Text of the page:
Labor Day and The Pursuit of Happiness

Ahh, Labor Day, the day where we do as little as possible. Grilling food, drinking beer, playing frisbee, hanging out…

Is that all we strive for the other 250-260 working days per year? As the decades pass, do we comfort ourselves with the vision of retirement, when presumably every day will be like Labor Day?

I consider myself a pretty big risk taker in life, but one risk I’ve never been willing to take is to spend 40 hours a week for 40+ years, doing something I detest or that bores me silly in the hope that by the time I reach age 65 I’ll still have the urge and capabilities to pursue my real dreams.

Not only am I afraid that boredom and frustration will have broken my health and sapped my creativity by then, as Veruka Salt said, “I want it NOW!”

But how?

I think the founding fathers had it right when they said everyone should have the right to pursue happiness. Let’s put aside for a moment the fact that they meant white dudes should pursue happiness while stealing land from Native people, owning African Americans, and oppressing women. Let’s just take that simple sentiment at face value as it applies to us today: everybody has the right to pursue happiness.

But I Want to be a Good Person

We all have the right to choose how we labor. But it’s easy to get caught up in thinking we have to do certain things in order to be a good provider, a good neighbor, a good citizen, a good           .

But are those truly our own, deeply held spiritual values, or values that we’ve adopted without quite thinking them through?

Sometimes we have to reorder our priorities, or change our habits and ways of looking at things before we can see (or admit) what would truly make us happy.

So, could this turn you into a perpetual adolescent who takes no responsibility? Yes, I suppose it could, but I doubt it. If you were one of those people, you would already be doing exactly as you please and you wouldn’t need to spend your precious time reading this article about how to pursue happiness.

The Joys of Laboring in Obscurity

I remember once bemoaning to my father the difficulty of struggling for years to achieve my creative goals. Forget success. I would have settled for any acknowledgement of my existence from the world at large. My father answered that his years of obscurity, before he became famous in his field, were the happiest of his life.

Say what?

He explained that it was actually more fun coming up with his ideas and developing them in the relative peace and tranquility of being unknown, than it was (after decades of work) to become a superstar and go all over the world to give lectures about the theories he had already developed.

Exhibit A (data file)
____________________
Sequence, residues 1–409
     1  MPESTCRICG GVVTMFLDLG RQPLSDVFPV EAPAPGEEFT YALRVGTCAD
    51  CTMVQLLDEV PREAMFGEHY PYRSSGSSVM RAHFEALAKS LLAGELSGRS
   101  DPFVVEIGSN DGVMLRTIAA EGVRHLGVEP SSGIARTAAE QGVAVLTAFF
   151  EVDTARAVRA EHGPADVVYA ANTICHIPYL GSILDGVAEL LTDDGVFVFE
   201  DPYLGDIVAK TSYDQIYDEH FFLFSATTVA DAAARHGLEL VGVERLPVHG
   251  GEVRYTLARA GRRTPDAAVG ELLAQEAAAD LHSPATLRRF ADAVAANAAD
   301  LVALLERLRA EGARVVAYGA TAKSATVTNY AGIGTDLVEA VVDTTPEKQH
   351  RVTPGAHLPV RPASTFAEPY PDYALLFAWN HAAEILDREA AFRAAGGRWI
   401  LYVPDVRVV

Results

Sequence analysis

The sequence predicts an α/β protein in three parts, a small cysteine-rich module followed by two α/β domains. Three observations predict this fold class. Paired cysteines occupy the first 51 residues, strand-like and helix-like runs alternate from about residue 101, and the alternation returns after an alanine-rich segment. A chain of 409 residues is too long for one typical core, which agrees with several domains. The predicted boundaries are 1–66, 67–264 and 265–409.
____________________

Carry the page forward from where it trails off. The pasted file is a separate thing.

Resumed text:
It took awhile but eventually I wrapped my head around this concept. With fame and/or money comes a whole new level of responsibility that most people never expect. Turns out, success isn’t one long Labor Day cookout; it’s hard work.

Of course, most of us would say, bring it on! I’ll take that burden of fame and fortune (I’m with you there); but I think it’s important to realize that when we solve one set of creative challenges we don’t get nirvana, we just graduate to a whole other level of creative challenges!

Welcome to planet Earth

I guess this is why so many people crash and burn after they get famous, why so many big lottery winners find themselves broke again after a few years. When they found that fame and/or money failed to make them instantly happy, it must have been like losing a religion. Where to turn next? Drugs? Sex? Shopping? Plastic Surgery?

So if fame and fortune doesn’t make us happy, what does? Could it be the pursuit itself, after all?

If we are already doing something that gives us satisfaction on emotional, spiritual, and creative levels (even before we become successful), happiness just might sneak in like a wild tropical bird, flitting around the edges of consciousness,  perching in a high corner of the room, dropping brightly colored feathers around the house.

I’m thinking the pursuit happiness may just be true wealth. If you’re already blissed out, doing the work you love every day, fame and fortune would just be icing. And furthermore, if success does come, you won’t have to hold onto it with a death grip. If you were happy before, then you know you can be happy again, even without the world jumping up and down, throwing roses and panties at your feet.

So, ask yourself – What labor brings me happiness (NOT for whatever results you may achieve, but purely for the love of doing it), and how can I do more of it in the coming year? If you start now, you might have something really great to celebrate next Labor Day.

Now go play!


One Response to “Labor Day and The Pursuit of Happiness”

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  1. Shine, I have found the same to be true, and you said that beautifully!

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